Early Atari home consoles had simple, direct-current controllers with nine pins in the connnector. Of those pins, seven were available for input to the hardware for games and programs.
The Atari joystick used five of those pins for 1 trigger button and a 4-directional stick.
Atari "paddles" were a pair of dials which could each input a value between 0 and 255. It used the last 2 of the available pins for this input. Two triggers paired with the dials used some of the same pins as the joystick.
This means that each of these standard Atari controllers only used part of the potential of the 9-pin port they were plugged into. A controller that took full advantage of the Atari controller port would perhaps have a four-directional joystick, one trigger, and two dials to use all of the available inputs.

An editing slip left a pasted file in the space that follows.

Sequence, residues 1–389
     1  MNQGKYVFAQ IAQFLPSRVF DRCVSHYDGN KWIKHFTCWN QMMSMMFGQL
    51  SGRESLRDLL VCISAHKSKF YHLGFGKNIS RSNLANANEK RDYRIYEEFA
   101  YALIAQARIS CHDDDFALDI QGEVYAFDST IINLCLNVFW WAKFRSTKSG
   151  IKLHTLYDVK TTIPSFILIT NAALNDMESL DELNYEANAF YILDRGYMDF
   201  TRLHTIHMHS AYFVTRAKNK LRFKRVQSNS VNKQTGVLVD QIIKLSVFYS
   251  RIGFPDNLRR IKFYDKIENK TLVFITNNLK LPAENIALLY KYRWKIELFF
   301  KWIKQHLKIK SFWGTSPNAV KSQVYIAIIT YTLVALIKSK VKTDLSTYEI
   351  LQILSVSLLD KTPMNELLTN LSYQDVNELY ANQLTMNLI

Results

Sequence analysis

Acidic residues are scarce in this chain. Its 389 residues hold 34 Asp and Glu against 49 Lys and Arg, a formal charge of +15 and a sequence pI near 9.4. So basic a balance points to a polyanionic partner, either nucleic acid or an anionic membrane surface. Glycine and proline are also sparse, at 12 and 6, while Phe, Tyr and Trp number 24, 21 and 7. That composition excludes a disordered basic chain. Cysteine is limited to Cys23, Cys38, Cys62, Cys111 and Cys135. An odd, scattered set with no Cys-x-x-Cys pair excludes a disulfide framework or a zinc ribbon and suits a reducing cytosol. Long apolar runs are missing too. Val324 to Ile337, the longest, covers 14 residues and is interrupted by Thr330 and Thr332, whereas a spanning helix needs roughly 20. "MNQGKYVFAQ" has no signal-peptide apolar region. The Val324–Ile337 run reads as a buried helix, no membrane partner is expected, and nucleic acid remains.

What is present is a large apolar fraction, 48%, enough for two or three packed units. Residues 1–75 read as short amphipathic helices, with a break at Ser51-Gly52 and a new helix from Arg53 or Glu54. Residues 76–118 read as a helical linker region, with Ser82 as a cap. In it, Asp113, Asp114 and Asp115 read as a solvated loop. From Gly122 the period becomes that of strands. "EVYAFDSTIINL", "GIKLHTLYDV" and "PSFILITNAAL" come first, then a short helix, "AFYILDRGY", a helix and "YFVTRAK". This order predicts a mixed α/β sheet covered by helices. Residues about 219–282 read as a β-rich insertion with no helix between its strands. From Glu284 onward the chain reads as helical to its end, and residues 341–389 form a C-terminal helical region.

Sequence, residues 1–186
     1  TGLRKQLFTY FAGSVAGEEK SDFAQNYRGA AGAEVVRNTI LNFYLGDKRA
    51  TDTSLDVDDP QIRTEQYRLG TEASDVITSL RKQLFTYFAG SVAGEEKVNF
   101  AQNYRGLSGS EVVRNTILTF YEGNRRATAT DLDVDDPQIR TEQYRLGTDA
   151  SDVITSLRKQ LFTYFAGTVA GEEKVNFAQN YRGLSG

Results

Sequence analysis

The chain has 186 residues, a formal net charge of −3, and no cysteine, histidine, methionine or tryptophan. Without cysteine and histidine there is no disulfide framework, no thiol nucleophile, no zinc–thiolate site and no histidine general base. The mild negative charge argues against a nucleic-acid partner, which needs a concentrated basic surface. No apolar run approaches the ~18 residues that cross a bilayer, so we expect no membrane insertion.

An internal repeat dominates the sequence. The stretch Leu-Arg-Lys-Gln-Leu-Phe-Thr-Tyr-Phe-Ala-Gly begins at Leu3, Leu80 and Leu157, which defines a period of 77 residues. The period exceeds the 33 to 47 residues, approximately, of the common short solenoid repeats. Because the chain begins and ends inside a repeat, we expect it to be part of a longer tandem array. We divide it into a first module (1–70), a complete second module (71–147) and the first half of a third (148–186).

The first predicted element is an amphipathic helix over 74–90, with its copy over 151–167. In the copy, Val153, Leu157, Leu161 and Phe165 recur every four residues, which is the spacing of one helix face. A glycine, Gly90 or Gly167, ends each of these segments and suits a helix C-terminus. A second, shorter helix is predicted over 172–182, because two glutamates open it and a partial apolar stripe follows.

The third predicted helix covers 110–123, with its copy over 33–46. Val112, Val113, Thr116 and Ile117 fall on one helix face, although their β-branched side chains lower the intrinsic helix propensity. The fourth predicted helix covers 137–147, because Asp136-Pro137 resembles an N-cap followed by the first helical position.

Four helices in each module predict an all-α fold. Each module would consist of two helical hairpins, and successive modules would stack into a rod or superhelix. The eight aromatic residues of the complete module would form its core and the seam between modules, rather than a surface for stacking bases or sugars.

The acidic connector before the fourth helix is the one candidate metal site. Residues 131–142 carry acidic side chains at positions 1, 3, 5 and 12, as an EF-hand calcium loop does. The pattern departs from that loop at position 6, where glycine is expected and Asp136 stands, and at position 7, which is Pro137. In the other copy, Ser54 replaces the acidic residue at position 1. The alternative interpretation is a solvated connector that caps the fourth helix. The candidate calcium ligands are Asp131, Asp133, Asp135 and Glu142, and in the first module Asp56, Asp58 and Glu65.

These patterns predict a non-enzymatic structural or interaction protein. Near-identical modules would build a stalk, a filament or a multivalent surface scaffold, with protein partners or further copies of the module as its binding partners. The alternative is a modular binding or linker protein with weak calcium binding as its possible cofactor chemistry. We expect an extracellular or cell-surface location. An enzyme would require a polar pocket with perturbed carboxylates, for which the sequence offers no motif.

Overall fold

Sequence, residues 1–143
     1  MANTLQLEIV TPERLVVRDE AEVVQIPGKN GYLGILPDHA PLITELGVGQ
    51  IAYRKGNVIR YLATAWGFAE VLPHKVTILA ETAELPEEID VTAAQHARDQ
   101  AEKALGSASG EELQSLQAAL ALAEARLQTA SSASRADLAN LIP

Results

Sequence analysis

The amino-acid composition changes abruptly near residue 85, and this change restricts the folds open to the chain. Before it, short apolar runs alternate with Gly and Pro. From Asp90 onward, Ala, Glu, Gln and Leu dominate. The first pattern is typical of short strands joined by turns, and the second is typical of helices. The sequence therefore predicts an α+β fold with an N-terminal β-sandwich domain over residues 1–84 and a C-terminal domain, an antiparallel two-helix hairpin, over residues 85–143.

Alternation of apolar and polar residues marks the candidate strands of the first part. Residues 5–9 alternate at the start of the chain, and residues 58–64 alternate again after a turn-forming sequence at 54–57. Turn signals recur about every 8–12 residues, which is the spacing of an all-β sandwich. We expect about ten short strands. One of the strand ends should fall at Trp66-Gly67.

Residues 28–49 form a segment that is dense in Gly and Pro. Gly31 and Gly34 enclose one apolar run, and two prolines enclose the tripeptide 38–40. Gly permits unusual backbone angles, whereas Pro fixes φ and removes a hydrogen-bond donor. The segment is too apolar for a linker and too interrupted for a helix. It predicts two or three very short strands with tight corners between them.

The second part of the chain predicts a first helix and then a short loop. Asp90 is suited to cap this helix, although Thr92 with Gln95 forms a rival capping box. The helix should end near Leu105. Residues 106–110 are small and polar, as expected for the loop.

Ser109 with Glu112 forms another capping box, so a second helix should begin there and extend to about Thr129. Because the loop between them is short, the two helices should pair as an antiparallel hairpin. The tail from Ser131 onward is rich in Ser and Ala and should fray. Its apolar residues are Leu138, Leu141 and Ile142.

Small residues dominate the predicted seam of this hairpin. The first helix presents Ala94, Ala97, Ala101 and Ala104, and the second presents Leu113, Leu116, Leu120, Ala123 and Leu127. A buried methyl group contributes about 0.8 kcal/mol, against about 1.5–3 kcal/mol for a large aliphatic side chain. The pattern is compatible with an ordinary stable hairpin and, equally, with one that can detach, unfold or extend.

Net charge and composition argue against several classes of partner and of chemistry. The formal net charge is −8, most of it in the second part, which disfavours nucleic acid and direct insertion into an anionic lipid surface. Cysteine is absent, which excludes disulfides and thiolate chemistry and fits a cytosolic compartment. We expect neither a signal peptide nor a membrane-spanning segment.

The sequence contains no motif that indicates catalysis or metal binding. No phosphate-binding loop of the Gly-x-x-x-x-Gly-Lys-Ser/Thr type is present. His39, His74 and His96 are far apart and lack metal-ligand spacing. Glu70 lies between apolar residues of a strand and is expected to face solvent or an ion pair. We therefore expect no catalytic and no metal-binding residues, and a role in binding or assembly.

Controllers have changed a lot since those days. Later game systems have used special signals for input instead of direct currents, and no longer have a number of pins directly related to the numbers of inputs available. They've gotten easier to hold and handle, added more buttons, adopted new standards, and added analog sticks, among other things, but there are foundations that have stayed true until today, and there are parallels to be drawn between these early controllers and the most modern controllers we use today.
To be continued... the D-Pad, and more and more buttons.
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